Protests increasing against government intransigence

As a part of the continued protests, over 1500 Grama Panchayat and Grama Sabha representatives from Dharawad District conducted a dharna at the Mahatma Gandhi Statue in Bangalore on July 30.

The lack of response from the legislature to the demand of the Grama Panchayat Hakkottaya Andolana for the withdrawal of the proposed Panchayat Raj amendment – has prompted the Andolana to decide to intensify its protest until the amendment is withdrawn. This includes:

1. A hunger strike

2. Special grama sabhas to be conducted in every village and a resolution to be passed in each Panchayat condemning the proposed amendment

3. A black flag protest in every grama panchayat

Yamuna, K N of the 'Organisation for Development of People' which works in four Karnataka districts says that 94 out of 202 GPs studied by them were working satisfactorily, especially where there were trained women PRI members, which doesn't seem to be a low figure considering that they are first generation members.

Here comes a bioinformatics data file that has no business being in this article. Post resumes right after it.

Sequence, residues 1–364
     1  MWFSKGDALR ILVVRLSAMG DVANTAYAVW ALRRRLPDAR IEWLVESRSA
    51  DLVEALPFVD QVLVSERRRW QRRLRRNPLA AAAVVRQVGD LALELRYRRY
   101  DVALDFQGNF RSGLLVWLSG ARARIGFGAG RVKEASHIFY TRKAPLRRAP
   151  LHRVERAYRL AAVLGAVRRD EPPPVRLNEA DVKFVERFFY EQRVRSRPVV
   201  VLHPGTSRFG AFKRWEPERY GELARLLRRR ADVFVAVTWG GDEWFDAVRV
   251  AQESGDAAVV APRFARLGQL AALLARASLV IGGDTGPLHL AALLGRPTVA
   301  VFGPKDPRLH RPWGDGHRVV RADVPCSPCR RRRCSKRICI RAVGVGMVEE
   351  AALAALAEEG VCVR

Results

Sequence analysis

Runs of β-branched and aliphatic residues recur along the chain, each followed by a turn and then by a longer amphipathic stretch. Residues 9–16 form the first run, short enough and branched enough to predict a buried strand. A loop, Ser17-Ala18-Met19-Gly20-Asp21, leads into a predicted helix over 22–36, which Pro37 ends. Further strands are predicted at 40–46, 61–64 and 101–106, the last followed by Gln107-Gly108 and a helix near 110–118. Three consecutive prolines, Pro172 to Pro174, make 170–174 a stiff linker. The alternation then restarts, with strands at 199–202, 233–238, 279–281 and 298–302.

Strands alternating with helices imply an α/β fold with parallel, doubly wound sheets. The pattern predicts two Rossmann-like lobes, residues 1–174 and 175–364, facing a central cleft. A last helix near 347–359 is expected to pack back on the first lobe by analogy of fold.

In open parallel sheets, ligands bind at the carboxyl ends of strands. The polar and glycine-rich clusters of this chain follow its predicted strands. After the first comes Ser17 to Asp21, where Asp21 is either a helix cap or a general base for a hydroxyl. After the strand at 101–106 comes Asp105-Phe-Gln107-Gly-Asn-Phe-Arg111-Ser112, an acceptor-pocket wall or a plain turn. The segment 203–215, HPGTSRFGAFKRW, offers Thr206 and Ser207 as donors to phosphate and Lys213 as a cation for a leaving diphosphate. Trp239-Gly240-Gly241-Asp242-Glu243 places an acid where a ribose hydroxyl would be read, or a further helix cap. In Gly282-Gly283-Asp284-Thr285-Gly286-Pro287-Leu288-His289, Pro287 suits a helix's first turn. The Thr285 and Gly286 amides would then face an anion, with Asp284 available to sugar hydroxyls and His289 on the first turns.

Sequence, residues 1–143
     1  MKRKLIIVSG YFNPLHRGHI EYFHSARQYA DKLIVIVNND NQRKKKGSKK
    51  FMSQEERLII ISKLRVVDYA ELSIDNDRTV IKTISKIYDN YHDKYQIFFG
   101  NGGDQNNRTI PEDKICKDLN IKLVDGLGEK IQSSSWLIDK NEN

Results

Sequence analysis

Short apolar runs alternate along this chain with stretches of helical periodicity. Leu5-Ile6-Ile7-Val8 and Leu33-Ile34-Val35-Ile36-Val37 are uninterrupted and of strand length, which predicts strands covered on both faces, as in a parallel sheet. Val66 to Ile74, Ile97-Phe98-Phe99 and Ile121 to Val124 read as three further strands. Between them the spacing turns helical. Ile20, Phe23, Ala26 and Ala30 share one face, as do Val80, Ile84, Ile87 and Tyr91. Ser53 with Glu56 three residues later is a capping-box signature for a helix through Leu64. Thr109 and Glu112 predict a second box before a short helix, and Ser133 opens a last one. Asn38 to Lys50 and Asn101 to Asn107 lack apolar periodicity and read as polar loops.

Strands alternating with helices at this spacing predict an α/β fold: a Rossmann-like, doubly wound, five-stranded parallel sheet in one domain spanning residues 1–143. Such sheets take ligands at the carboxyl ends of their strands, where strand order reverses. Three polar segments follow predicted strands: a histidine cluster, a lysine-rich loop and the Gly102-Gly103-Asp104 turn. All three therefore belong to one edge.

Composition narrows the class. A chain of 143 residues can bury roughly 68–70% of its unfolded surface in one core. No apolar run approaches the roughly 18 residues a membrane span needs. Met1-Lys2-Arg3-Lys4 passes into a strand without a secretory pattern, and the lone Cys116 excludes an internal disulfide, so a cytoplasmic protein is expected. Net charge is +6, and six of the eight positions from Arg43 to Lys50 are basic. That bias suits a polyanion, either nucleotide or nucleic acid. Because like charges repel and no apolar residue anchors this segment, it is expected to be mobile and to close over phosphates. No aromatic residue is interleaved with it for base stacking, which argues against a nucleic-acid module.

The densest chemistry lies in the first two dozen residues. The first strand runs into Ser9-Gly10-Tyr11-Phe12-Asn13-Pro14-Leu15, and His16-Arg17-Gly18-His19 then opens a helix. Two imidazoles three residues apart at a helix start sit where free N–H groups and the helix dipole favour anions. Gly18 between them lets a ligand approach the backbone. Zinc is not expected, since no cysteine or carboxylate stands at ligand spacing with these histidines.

So, if one were to do a cost-benefit analysis of 20 years of PRI, yes, it's true some amount from the Rs 2 to 5 lakhs granted to each GP may have found its way into a parallel, second book of accounts, but don't the same things happen on a larger scale at higher levels? The state government's attempt to slice powers of the GPs seems to be merely a question of the pot calling the kettle black.

But the benefits of the PRI go far beyond any valuation in monetary terms and are hence invaluable. The Panchayat Raj has brought out women like Shilpa and Susheela from the claustrophobic insularity of the home, its inanity and its life-sapping drudgery and given them a new life. It has made thinking individuals out of supine beings going about their lifeless routines. It has given the state and nation a vital and dynamic force that can drive political, social and economic change and usher in a new era. Reversing this positive development now is akin to cutting off one's nose to spite one's face.

The Governor of Karnataka has written to the state legislature asking them to reconsider the Amendment Act as he feels that it is against the spirit of the 73rd Constitutional Amendment on decentralised, local self-government in rural areas. The state government has refused to accept this rebuke and is attempting to save its face by stating that the governor merely sent a message and did not physically return the bill, according to press reports. In the wake of this indication that the government has not changed its mind about the bill, GPs have strengthened their protests.